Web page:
This article was originally published in the Winter 2013 issue of Customer Strategist.
Preparing for the future is no easy task. But savvy business leaders understand that rather than being an option, it’s a necessity. Unless they are well prepared to handle the demands of their customers and cater to changes in their behavior, organizations will struggle to survive, especially as their competitors continue to adapt.
The past years have seen ample emphasis on preparing for the customers of 2020. Business leaders have been looking at the changing landscape to determine what the customers of the coming era will look like. According to Customers: The Future of B-to-B Customer Experience 2020, a study by Walker Information, the customers of 2020 will dictate the experience and with information at their fingertips, they will only want to do business with organizations that know them and their business needs.
Today’s customers are already moving in that direction. Having easy access to abundant information about the products and services they’re interested in means that the buying journey has shifted and customers are contacting organizations they’re interested in later in the process, many times when they’re ready to pull the trigger and make a purchase.
With customers controlling so much more of the sales funnel, digital media, particularly lead generation and search, will continue to play a significant role. Recognizing the strengthening role of digital media, brands have been investing heavily in these channels, and we expect a shift in marketing spend. In fact, a report by ZenithOptimedia notes that after peaking at 40.4 percent this year, television’s market share is expected to decline in 2015, with larger emphasis on other channels.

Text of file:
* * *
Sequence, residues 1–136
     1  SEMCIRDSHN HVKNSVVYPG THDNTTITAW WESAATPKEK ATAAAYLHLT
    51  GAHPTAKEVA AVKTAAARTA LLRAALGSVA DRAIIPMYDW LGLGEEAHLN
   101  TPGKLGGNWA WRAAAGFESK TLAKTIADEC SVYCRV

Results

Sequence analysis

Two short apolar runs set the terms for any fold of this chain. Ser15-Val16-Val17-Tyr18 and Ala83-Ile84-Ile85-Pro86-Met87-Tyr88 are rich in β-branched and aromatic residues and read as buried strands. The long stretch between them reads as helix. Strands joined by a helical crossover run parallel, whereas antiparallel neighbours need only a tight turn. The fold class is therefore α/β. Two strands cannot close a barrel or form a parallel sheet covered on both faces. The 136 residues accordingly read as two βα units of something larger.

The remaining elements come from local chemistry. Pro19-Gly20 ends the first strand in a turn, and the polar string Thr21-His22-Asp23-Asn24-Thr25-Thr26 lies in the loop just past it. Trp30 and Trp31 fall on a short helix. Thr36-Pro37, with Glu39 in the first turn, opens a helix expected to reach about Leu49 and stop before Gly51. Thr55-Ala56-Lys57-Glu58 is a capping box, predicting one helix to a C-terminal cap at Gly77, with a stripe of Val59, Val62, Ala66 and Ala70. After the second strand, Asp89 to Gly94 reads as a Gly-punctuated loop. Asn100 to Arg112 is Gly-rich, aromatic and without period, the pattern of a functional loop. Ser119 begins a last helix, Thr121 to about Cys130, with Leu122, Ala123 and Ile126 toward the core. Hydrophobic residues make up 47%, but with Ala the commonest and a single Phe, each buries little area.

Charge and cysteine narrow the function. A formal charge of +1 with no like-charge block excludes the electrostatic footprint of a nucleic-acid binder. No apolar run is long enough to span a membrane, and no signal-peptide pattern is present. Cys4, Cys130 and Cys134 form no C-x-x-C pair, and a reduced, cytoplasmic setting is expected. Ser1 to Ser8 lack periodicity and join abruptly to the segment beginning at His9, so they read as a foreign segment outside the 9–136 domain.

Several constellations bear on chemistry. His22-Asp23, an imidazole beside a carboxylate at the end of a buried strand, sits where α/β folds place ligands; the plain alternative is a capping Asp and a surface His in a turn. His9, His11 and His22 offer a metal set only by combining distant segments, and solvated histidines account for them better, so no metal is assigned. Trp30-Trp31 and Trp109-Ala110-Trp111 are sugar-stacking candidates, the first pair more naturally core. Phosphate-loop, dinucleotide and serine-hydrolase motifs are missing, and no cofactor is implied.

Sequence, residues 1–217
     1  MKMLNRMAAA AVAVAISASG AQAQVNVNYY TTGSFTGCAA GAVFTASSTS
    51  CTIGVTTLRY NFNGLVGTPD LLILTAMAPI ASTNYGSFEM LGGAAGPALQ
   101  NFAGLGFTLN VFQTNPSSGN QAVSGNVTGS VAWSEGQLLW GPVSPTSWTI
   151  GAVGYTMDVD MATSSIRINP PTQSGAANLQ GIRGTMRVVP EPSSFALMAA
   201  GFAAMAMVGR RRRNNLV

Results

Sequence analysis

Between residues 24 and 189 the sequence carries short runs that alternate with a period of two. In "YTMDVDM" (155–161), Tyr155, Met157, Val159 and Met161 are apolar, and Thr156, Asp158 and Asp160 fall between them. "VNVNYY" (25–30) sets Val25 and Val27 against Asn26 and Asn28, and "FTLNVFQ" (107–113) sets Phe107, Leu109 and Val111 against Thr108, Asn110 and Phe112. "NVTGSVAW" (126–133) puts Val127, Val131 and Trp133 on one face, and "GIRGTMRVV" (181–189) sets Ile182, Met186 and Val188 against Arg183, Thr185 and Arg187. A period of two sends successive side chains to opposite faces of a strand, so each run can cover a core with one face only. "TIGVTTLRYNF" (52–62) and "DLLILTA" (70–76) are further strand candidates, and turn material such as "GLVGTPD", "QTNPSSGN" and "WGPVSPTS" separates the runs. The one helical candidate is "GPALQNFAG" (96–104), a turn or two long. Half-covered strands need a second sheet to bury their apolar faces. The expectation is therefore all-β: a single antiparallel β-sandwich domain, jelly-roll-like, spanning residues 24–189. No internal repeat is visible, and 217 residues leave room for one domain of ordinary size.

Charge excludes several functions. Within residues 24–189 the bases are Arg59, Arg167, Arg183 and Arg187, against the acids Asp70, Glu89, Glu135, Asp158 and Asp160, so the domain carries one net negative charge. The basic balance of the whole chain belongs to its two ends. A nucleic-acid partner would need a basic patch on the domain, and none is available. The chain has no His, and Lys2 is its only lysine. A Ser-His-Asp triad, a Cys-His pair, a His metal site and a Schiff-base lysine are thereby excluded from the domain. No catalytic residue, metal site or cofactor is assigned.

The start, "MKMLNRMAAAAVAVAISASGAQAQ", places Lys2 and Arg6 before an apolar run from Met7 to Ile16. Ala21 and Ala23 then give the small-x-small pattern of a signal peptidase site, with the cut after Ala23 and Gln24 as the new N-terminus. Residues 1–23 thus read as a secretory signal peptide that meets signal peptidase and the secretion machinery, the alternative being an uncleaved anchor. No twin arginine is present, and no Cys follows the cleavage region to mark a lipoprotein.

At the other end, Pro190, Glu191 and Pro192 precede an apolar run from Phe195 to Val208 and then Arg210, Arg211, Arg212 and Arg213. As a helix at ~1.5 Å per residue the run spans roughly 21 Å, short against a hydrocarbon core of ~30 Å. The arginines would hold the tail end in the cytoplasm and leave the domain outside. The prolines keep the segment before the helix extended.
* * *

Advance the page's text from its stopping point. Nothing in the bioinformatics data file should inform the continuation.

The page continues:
The shift to new channels has two main drivers: changing media consumption habits among consumers, and the ability in non-traditional channels to gather and act on granular data about customers’ interests and engagement, leading to richer profiles and more relevant interactions.
Specifically, search is taking a more prominent role. More evolved and accessible search capabilities available on digital media provide both customers and organizations with a plethora of data that was previously unavailable to sales and marketing departments. In addition, search is now typically the first step for customers considering a purchase. This reality is revolutionizing the way organizations communicate with customers.
Business leaders have recognized that they need to engage customers on their terms by understanding their behavior and reaching out with information that is targeted to that individual customer’s needs. The one-size-fits-all approach has long stopped working, and customers themselves are demanding a tailored and custom conversation that is based on their needs, takes into consideration information they have already provided, and rather than repeat it, complement it.